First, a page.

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14 tips for aspiring writers from a Kindle top 10 author

13th July 2015
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Kerry Fisher has hit the Kindle bestseller list with her summery novel The Island Escape. Here she offers her tips for aspiring authors…

1. Think twice before trumpeting to the whole world that you’re going to write a novel. Commitment is good, but the next five years of ‘Are you published yet?’ at every social occasion can become a little wearing.

2. Very few people can sit down and just produce a great novel. Learn the craft by taking creative writing courses (try The Writers' Workshop or the online Writers’ Program at the University of California), reading ‘how to’ books and attending writing workshops.

3. Commit to writing a certain number of words a day – whether it’s 100 or 2,000 – and don’t let yourself off the hook. You’ll gain momentum from seeing the manuscript take shape.

4. Listen to conversations all the time. Old and young people, angry discussions, teasing between friends, shop assistants with customers. You’ll find it so much easier to write dialogue.

5. Watch how people stand. Round shouldered at the bus stop. Slouched against a wall at the train station. Bustling and impatient in the supermarket queue. All these details need to be stored away and used to make characters real.

6. Don’t base a character exactly on someone you know – you’ll feel obliged to write them how they really are, rather than in a way that suits the story. Instead, take a single trait – a manner of pausing/a way of whistling when they’re bored/a tendency to sigh when they sit down - and construct the character around that.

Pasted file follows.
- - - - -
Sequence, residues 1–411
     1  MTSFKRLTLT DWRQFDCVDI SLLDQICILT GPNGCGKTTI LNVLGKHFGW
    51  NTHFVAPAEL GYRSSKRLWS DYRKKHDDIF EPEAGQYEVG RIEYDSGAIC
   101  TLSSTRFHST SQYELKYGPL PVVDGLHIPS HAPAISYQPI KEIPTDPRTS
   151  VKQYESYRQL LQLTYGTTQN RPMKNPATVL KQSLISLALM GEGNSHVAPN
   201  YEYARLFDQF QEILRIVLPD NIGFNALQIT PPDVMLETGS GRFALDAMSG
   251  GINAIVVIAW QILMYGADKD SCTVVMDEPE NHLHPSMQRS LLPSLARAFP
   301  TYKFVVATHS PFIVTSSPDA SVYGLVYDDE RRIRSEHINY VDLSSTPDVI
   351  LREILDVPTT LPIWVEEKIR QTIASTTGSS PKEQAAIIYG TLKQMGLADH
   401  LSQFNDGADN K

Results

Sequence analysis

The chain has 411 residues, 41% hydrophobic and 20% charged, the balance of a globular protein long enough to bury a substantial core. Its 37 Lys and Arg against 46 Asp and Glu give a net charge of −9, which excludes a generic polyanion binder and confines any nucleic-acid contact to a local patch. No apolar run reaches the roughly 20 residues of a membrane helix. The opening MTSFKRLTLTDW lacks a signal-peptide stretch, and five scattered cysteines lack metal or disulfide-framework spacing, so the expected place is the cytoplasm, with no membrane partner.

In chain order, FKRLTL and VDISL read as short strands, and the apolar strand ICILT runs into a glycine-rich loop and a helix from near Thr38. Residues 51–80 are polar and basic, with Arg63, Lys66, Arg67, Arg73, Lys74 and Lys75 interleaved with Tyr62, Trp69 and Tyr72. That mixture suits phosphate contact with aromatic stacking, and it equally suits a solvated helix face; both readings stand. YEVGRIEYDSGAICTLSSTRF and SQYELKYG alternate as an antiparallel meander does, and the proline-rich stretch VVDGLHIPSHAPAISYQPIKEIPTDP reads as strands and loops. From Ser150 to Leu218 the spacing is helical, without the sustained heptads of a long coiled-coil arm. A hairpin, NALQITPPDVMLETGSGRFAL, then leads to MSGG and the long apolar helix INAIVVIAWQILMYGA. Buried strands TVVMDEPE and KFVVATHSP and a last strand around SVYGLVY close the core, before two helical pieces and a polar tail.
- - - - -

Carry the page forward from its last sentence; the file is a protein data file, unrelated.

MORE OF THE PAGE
7. When you’re sad, angry, happy – whatever emotion you are experiencing – think about how you would convey that on paper while the emotion is fresh.

8. Connect with other authors on Twitter and Facebook, or at writing organisations such as the Romantic Novelists’ Association and university writing groups. It helps to know that all writers experience moments of self-doubt when they don’t know whether they’ve written a masterpiece or 90,000 words of gerbil bedding.

9. Find a writing buddy. If you can swap work with someone whose judgment you respect, you can iron out some of the major issues before your manuscript goes out into the wider world.

10. Be prepared to ‘hear’ your feedback. When a source you trust offers constructive criticism, don’t stick your fingers in your ears and sing. You don’t have to accept everything they say but you’ll progress far more quickly if you allow for the possibility that they might have some valid points.

11. Network. Once you are sure that your novel is the best it can be (edited several times, proofread), give yourself the best chance of finding an agent. Go to writing events, festivals, publishing days, author talks – anywhere where agents hang out. Even if you are too shy to approach an agent at an event, write to them afterwards and say, ‘I saw you speak at XYZ’. They’ll appreciate the fact that you aren’t just emailing the first fifty agents you found in the Writers’& Artists’ Yearbook.

12. Be generous-spirited. Put people in touch with one another, share your tips and industry knowledge. Not everyone will reciprocate but many will. 

13. Persevere. Rejections don’t mean you are hopeless. They’re soul-crushing and joy-sucking and sometimes seem utterly, maddeningly unfair and unjustified, but if you’re serious about getting published, you will get rejected. It’s just part of the process.

14. You can’t sell a book hiding in the cupboard under the stairs. Be brave, take chances, write the best possible book, understand as much as you can about the industry, then pursue every avenue.

Kerry Fisher started out as a self-published author, before the Avon imprint of HarperCollins picked up her debut and republished it as The School Gate Survival Guide last year. Her latest novel, The Island Escape, has been in the top ten of the Amazon Kindle charts for the past three weeks.




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